By Vince Matthews
The Rainbow Trail affords an outstanding opportunity to travel through deep time. The trail wends around two of Colorado’s youngest mountain ranges, which together contain 25 of the State’s 58 Fourteeners. The footpath traverses parts of Earth’s crust that record much of Colorado’s 2-billion-year-old history. Faults and folds along the trail record times of crustal deformation. Rocks that were metamorphosed 1.8 billion years ago record Colorado’s oldest-known, mountain-building event. Colorful conglomerates record the 300-million-year-old mountain-building event that gave rise to the Ancestral Rocky Mountains. The high elevations of the Sawatch and Sangre de Cristo Ranges are testaments to the mountain-building event that is currently transpiring. Glacial deposits along the trail record times of great climate change.
The northern end of the Rainbow Trail starts in the Sawatch Range in a very special place geologically – the Bonanza Caldera. And just what, you ask, is a caldera? It is a volcanic feature where huge volumes of material have erupted quickly in the form of ash flows. One such ash-flow eruption from another caldera in the Sawatch Range traveled 90 miles across Central Colorado, reaching Castle Rock on the plains still hot enough to weld together. Because such a huge volume of molten material evacuates the underground so quickly, support for the overlying strata gives way. This causes the surface to subside in a roughly circular depression – the caldera. The collapsed area of the Bonanza Caldera is about 10 miles in diameter. It erupted and collapsed about 33 million years ago. The caldera’s volcanic rocks are most easily recognized by the myriad of white crystals about a quarter of an inch in size. These are evident where the Rainbow Trail begins on the north. And, they are also abundant where the trail descends to Highway 285.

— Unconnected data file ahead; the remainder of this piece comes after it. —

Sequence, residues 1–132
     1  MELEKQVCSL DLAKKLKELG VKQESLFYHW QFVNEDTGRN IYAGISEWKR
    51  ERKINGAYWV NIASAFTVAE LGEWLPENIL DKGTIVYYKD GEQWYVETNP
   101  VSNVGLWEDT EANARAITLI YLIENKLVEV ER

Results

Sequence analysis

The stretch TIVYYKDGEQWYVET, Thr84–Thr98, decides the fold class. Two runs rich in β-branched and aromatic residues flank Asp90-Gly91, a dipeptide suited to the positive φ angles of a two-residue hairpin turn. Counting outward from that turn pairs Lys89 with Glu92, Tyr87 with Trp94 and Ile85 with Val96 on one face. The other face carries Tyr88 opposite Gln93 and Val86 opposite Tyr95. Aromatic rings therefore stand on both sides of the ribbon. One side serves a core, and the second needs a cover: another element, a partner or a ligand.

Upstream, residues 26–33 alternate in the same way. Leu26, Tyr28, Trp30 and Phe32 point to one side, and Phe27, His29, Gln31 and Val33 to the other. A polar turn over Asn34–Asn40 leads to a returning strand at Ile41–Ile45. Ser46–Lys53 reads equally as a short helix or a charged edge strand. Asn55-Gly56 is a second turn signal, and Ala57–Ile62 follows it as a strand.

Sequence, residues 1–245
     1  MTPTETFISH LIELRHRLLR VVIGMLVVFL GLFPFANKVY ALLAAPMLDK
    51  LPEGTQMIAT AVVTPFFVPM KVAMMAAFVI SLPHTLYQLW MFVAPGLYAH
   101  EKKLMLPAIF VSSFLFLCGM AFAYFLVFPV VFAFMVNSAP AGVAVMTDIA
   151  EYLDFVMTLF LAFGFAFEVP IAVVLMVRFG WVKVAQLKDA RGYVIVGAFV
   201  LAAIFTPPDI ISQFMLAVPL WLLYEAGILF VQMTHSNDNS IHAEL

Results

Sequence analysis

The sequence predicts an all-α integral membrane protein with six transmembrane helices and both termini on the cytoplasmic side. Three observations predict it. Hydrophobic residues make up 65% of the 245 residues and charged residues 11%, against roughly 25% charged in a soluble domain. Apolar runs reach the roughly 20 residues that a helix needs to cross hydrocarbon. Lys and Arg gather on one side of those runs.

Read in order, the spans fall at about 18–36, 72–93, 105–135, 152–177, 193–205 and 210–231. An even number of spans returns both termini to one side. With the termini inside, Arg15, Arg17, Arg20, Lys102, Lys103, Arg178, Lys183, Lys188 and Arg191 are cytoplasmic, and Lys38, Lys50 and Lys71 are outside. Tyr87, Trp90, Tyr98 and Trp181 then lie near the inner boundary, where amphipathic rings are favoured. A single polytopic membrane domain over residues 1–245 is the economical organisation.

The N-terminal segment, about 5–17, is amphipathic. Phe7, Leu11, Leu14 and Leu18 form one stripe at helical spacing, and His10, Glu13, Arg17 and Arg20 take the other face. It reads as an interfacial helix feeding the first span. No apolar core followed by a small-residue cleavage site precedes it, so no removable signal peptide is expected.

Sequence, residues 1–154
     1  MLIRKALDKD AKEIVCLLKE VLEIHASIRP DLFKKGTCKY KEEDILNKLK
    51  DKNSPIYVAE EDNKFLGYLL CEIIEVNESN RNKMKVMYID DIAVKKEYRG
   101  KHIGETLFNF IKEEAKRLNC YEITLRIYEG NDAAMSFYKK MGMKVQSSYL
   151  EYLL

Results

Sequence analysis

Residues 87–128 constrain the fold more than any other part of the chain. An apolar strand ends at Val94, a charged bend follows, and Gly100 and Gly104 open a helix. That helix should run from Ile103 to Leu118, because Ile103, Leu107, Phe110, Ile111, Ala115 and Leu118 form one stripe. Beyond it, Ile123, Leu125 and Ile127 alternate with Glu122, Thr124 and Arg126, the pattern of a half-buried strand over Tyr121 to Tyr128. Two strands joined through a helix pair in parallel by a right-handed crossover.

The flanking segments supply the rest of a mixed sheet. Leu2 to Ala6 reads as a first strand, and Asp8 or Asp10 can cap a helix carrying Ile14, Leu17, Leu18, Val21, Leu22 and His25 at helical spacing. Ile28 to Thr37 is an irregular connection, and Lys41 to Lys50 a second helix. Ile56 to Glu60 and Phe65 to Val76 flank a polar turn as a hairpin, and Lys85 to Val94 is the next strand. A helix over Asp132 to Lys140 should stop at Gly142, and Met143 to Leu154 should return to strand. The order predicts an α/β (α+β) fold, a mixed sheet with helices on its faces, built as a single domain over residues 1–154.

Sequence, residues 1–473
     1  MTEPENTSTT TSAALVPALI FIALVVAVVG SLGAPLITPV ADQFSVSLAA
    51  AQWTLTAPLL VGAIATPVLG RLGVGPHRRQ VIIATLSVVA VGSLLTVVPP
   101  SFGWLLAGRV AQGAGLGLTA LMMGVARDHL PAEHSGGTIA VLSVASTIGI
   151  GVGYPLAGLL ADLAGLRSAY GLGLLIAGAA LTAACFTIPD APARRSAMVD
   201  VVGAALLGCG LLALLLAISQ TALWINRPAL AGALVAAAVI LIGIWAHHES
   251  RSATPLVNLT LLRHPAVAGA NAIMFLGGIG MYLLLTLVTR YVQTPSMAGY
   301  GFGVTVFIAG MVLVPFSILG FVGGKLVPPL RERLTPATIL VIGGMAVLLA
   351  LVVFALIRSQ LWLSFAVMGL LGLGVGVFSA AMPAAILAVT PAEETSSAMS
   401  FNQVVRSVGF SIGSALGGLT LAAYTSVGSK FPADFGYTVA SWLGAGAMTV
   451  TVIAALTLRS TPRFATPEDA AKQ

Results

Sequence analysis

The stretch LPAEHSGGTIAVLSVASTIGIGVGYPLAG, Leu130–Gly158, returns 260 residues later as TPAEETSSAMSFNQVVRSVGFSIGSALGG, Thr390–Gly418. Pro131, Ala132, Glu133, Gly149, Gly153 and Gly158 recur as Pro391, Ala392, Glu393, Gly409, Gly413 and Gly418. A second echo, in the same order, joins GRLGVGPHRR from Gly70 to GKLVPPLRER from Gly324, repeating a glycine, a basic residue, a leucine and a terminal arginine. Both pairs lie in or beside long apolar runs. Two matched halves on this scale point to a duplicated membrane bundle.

East of Highway 285 the trail soon crosses 1.8 billion-year-old metamorphic rocks of the Sangre de Cristo Range. The rocks that were metamorphosed were older volcanic and sedimentary rocks. As the trail winds around the north end of the Sangres, it follows a fault separating the metamorphic rocks from young sedimentary deposits of the Arkansas Rift Valley which is part of the active Rio Grande Rift System. The rift extends from Texas through New Mexico to northern Colorado.
As you leave the northern end of the range and begin moving down the east flank of the Sangre de Cristos, you will traverse 300 million-year-old rocks of the Sangre de Cristo formation which record the uplift and erosion of the Ancestral Rocky Mountains. The fist-sized cobbles of different rock types in the conglomerates of this formation can provide quite a striking display of colors.
Along the east side of the Sangre de Cristo Range, the trail wanders over many lateral moraines deposited during the last couple of ice ages. Although these moraines are quite obvious when viewing them from a distance, they are not immediately obvious when hiking through heavily wooded terrain. So how do you recognize the moraines? Abruptly, you will come into an area high above a stream that is littered with boulders that may be several feet across. The boulders are of many different rock types. Any layering in the boulders will not be parallel to each other. And, the boulders create a narrow ridge that parallels the intervening creek and trends to the east away from the mountain front.
Although dense forest cover often obscures the geology, a sharp eye should enhance your enjoyment of nature along this beautiful trail.
Vince Matthews lives in Leadville and retired as Director of the Colorado Geological Survey at the end of 2012. He is the editor and Senior author of the multiple-award-winning book, Messages in Stone – Colorado’s Colorful Geology. Each morning he posts a photo and note about the Geology of the Arkansas Valley on Facebook/LeadvilleGeology.